April 9, 2012 / 11:16 AM / 7 years ago

Insight: In Ukraine, scales of justice often imbalanced

KIEV (Reuters) - Ukrainians have become used to heinous crimes in which suspects get off lightly, but the case of Oksana Makar shocked even those who are already deeply cynical about the country’s justice system.

People stand near the coffin of Oksana Makar during a funeral ceremony in the settlement of Shevchenkovo outside the town of Mykolayiv in southern Ukraine March 31, 2012. REUTERS/Yevgeny Volokin

Nineteen-year-old Makar was gang-raped, half-strangled and then set on fire in early March. She died three weeks later, but before she did her mother videotaped her. As she waves the stump of her amputated right arm in the video, posted to YouTube, Makar says she hoped her attackers would themselves be raped in prison.

Police had at first released two of the three suspects from police custody. Rumors that the two men were the sons of government officials sparked protests on the streets of Mykolayiv, the town where Makar lived.

Within days President Viktor Yanukovich intervened. An investigating team from Kiev, the capital, visited Mykolayiv, the two men were re-arrested, and at least four local law-enforcement officials were sacked.

The three accused, all in their early 20s, have now been charged with murder, police said. One of them is the son of a former high-ranking regional official.

Ukrainians have long complained that their Soviet-era justice system is manipulated - through bribery or political pressure - by rich, powerful and well-connected people. Critics see the Makar case and others like it as stark examples of a corrupt system. Even government officials concede the system should be improved.

“There are judges who take bribes (and) there are judges who take orders from the leaders of Bankova (the presidential administration),” said Eduard Bagirov, head of the pressure group International League for Protection of Ukrainian Citizens’ Rights.

“It is like a cancer whose metastasis has invaded the whole body. It is not something that has appeared in the last few years. It goes back to the Soviet period.”

Semen Gluzman, a psychiatrist and veteran Soviet human rights campaigner, told Dzerkalo Tyzhnya, a weekly newspaper, that the outrage over the Makar case was constructive but that fundamental reforms were needed.

“If there had been no reaction by people, no civil awakening, then in all probability these people would not be in jail,” Gluzman said.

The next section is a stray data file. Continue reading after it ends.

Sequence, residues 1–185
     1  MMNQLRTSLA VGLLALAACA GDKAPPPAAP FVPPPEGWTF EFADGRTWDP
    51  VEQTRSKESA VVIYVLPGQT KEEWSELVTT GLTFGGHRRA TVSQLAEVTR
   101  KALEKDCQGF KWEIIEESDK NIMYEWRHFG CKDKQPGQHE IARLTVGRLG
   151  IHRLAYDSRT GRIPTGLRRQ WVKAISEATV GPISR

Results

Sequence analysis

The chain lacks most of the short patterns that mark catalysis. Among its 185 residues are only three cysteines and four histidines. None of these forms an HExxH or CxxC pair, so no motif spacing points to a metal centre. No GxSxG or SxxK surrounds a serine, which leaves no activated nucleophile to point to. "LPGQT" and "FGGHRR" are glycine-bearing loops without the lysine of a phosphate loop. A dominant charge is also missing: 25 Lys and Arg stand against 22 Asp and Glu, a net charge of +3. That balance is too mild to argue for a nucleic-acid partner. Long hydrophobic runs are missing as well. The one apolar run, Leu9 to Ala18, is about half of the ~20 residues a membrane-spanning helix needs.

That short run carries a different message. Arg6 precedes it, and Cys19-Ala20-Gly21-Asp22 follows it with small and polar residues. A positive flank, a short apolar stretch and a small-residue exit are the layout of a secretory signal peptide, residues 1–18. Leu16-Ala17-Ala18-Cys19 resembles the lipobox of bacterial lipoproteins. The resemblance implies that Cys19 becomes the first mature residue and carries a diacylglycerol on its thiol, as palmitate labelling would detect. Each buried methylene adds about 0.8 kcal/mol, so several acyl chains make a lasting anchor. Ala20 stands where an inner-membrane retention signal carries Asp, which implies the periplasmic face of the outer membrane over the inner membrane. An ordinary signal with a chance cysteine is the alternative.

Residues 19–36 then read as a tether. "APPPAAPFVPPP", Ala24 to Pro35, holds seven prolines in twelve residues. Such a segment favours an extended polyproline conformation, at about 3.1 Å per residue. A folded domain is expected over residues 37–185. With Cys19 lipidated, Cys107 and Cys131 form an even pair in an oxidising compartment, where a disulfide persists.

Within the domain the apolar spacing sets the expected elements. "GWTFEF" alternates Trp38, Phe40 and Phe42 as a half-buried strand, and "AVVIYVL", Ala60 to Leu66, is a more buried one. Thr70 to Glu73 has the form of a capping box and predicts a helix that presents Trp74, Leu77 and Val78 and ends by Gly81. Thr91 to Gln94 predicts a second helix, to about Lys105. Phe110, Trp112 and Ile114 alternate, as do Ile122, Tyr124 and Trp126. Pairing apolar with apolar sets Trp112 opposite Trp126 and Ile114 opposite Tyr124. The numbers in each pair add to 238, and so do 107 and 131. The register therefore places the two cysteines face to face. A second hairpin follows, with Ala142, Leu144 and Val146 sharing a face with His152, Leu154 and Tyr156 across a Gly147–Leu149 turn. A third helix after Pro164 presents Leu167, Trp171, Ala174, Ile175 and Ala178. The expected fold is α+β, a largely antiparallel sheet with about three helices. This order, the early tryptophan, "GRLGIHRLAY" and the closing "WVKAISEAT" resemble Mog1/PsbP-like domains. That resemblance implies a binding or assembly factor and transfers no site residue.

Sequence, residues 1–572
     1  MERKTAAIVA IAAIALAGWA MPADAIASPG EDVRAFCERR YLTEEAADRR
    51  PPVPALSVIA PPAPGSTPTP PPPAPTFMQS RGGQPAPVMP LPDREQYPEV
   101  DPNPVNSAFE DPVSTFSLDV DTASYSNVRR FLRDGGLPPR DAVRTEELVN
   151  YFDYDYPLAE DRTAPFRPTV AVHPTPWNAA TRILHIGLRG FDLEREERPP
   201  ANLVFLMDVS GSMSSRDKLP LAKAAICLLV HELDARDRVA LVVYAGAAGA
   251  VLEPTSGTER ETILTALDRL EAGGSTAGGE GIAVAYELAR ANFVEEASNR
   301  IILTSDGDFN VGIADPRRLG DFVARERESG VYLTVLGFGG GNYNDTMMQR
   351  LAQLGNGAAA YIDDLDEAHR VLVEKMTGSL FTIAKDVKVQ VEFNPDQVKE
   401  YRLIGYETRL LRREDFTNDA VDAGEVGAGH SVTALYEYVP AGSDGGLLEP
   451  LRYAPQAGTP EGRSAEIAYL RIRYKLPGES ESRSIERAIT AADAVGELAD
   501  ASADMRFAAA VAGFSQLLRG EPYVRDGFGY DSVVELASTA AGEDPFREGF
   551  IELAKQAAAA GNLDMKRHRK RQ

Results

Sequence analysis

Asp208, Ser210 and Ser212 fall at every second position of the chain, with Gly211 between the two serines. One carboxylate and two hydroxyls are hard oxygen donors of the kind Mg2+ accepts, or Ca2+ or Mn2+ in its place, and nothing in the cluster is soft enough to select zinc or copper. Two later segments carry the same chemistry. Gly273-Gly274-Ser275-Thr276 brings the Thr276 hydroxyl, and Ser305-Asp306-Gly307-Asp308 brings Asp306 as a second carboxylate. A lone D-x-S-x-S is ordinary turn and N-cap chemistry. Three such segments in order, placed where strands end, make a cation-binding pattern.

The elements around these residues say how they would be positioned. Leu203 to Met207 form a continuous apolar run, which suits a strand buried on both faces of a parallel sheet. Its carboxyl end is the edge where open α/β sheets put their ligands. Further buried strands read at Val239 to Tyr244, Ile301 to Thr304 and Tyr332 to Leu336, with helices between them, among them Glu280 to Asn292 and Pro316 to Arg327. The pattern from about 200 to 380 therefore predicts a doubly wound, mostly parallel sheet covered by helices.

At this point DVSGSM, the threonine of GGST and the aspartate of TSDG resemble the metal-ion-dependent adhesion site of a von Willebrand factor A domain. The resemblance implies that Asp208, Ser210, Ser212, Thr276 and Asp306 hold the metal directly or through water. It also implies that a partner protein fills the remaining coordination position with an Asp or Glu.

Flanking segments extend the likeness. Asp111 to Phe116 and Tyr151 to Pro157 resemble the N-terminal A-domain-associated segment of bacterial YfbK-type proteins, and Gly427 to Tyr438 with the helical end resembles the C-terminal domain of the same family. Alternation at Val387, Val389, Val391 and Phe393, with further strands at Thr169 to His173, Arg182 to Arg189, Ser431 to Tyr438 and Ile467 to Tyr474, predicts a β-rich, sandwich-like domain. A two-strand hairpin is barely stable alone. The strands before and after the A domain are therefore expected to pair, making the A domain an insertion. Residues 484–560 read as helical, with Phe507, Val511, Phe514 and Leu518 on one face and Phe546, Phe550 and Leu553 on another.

The most high-profile legal case in Ukraine in recent years was that of opposition leader Yulia Tymoshenko, who was charged with exceeding her powers in brokering a gas deal with Russia when she was prime minister. Tymoshenko denied the charges but was found guilty last October and sentenced to seven years in prison.

Western lobby groups say the charges against her would not have stood in a Western court.

“The charges ... seem to the experienced eye somewhat far-fetched and one would rather expect them to result in political rather than criminal responsibility, if any at all,” wrote Danish legal expert Mikael Lyngbo, a former public prosecutor and police chief who put together a report on Ukraine’s justice system for the Danish Helsinki Committee for Human Rights.

Whether or not they support her, many Ukrainians believe the single-judge Kiev court was part of a vendetta by the president, her longtime political foe.

The presidency denies interfering in the trial. But Yanukovich and his aides agree that the judicial system should be reformed.

“The court system is far from being ideal and there is corruption in the court system,” said Andriy Portnov, the key presidential adviser on judicial affairs and one of the main pilots of proposed legal reforms to help Ukraine gain entry into the European Union.

“What we have to do now is work out how to make it (the court system) independent,” he said.

Ukraine has no jury system; most cases are heard by either a single judge or two judges. Though accompanied by assessors, these judges - there are about 8,000 of them - regularly come under pressure to hand down a certain verdict, many independent lawyers and rights activists say.

Portnov said some 25 judges had been dismissed in the past two years for illegal involvement in company takeovers across the country, a practice which he said the current administration was stamping out. Official figures show more than 400 law enforcement officers were investigated in 2011 for criminal offences.


Portnov believes one of the main problems is that law-enforcement officers and justice officials retain the Soviet-era habit of wanting to please officials up the bureaucratic ladder.

“Judges today have sufficient guarantees to be independent … but a judge is only independent to the extent he really wants to be. Unfortunately, post-Soviet mentality sometimes means that a person wants to please somebody else. To deny this would be absurd,” he said.

This, Ukrainian social commentators say, leads to a kind of inbuilt impunity for the privileged and wealthy, as well as for their children, known colloquially as the ‘mazhory’, which roughly translates as “the superior ones”.